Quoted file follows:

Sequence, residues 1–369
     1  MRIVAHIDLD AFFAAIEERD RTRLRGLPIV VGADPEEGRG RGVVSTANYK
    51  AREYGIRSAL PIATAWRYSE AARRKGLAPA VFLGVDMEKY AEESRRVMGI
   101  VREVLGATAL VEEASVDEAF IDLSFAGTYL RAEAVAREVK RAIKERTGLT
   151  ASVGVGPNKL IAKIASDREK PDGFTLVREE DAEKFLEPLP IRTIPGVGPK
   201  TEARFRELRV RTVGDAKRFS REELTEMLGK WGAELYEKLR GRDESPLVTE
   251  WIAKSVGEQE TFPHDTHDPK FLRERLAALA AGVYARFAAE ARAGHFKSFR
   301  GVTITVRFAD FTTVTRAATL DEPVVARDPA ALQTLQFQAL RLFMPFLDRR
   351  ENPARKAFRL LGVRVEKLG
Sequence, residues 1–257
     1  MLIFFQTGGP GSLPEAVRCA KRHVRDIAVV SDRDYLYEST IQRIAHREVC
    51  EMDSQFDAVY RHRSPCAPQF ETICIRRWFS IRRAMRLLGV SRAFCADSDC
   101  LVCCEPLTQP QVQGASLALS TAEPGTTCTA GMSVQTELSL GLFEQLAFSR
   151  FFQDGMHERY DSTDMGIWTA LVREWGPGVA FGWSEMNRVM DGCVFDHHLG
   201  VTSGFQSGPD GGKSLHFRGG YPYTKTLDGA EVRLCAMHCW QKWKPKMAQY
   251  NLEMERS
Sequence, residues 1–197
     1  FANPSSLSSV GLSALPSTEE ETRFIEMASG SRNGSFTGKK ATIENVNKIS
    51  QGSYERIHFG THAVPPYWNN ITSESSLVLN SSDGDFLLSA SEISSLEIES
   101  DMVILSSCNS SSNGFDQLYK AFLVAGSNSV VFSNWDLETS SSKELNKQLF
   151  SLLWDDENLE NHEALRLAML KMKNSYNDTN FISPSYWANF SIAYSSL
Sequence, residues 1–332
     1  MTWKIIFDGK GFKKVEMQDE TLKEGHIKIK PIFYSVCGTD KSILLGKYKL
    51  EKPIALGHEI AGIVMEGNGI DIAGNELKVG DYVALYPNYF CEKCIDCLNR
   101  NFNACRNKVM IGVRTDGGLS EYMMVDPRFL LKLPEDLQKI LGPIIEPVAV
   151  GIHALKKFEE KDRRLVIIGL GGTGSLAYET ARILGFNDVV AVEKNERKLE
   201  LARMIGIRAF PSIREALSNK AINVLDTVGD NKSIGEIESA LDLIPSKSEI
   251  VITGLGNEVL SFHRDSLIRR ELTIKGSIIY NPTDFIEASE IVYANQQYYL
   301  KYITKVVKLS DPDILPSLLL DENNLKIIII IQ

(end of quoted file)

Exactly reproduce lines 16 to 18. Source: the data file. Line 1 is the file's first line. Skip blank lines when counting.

   251  NLEMERS
Sequence, residues 1–197
     1  FANPSSLSSV GLSALPSTEE ETRFIEMASG SRNGSFTGKK ATIENVNKIS